The author is from Monash University, Melbourne, Audtralia. He would like to thank Viet Nga Cao, Charles Corrado, Paul Dou, Stephan Hollander, Mark Humphery-Jenner, Shane Moriarity, Farshid Navissi, Nhut Hoang Nguyen, Amy Pham, Ghon Rhee, Madhu Veeraraghavan, Ningfei Zhu, an anonymous referee and Martin Walker (editor) for many helpful comments. The author also acknowledges many helpful comments received from participants at the 2011 Finance and Corporate Governance Conference, the 2011 Australian Finance and Banking Conference, the 2011 Australian National University workshop series, the 2011 AAA Annual Meeting, the 2010 Monash University workshop series, and several anonymous reviewers. All remaining errors are the author's own.
Options Trading and the Extent that Stock Prices Lead Future Earnings Information
Article first published online: 5 JUL 2012
© 2012 Blackwell Publishing Ltd
Journal of Business Finance & Accounting
Volume 39, Issue 7-8, pages 960–996, September/October 2012
How to Cite
Truong, C. (2012), Options Trading and the Extent that Stock Prices Lead Future Earnings Information. Journal of Business Finance & Accounting, 39: 960–996. doi: 10.1111/j.1468-5957.2012.02293.x
- Issue published online: 24 OCT 2012
- Article first published online: 5 JUL 2012
- (Paper received January 2011, revised version accepted April 2012)
- options trading;
- stock prices;
- informational efficiency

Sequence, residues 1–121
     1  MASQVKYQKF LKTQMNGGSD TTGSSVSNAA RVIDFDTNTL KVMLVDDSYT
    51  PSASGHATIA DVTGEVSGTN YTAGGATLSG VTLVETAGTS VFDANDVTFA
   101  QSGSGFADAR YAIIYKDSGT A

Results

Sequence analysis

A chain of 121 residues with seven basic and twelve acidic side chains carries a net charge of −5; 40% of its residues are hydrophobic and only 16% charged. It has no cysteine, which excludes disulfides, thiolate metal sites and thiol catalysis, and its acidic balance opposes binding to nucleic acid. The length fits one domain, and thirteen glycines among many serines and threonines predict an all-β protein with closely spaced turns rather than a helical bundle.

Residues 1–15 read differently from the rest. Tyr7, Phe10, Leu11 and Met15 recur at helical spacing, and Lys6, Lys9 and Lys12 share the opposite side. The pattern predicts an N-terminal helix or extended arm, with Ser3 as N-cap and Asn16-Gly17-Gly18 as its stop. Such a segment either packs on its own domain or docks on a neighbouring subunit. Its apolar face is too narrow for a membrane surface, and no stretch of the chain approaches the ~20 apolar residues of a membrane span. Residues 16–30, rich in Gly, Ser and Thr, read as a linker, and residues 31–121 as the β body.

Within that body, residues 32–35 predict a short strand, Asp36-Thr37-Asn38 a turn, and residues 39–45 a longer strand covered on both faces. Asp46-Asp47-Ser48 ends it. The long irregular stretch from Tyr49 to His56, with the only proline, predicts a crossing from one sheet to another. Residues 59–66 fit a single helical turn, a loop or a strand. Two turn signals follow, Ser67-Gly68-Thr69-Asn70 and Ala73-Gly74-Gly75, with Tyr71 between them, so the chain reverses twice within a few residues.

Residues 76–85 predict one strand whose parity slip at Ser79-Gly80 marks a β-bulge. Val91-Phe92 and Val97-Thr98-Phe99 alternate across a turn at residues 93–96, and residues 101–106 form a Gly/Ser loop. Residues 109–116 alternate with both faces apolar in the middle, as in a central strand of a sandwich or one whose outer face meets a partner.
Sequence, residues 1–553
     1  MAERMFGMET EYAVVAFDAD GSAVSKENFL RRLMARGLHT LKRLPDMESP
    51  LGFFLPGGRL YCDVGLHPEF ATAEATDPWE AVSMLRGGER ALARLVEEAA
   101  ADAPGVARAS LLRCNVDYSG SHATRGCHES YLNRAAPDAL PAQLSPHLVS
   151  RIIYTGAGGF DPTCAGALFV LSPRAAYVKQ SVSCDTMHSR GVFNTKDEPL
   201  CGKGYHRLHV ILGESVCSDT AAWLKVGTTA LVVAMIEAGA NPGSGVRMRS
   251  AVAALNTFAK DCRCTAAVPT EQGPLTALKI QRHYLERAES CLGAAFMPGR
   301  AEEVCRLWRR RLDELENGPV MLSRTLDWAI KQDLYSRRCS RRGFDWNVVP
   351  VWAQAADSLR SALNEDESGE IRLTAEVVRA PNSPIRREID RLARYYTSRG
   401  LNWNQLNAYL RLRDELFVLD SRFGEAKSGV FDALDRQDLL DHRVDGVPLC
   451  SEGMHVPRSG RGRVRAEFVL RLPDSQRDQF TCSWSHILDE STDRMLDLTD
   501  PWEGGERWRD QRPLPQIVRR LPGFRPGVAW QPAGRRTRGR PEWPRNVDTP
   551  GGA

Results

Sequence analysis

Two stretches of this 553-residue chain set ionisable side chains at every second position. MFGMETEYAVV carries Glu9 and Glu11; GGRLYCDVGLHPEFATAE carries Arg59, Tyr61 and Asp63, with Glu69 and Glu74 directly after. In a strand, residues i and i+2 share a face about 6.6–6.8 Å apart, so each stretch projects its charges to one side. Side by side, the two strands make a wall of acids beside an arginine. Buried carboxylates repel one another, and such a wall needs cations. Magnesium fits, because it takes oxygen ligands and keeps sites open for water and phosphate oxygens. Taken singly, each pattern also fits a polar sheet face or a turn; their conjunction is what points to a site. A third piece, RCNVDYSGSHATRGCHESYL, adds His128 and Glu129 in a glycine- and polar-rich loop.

Abstract: We examine the relation between options trading and the extent that stock prices lead future earnings information in the period 1998–2009. In a firm specific approach, we find that stock prices reflect future earnings information to a greater extent in firms’ post-options-listing period than in their pre-options-listing period. In a cross-sectional setting, we find that stock prices of firms with readily available options trading reflect future earnings information more and earlier than those of firms without available options. In a sub-sample containing only firms with listed options, we find that stock prices of firms with a high level of options trading volume reflect future earnings information more and earlier than those of firms with a low level of options trading volume. Findings in this study support the proposition that options trading results in more current information that is relevant for predicting future earnings being impounded into stock prices. Consistent with this proposition, we also document an inverse relation between options trading and the amount of new information provided by earnings announcements.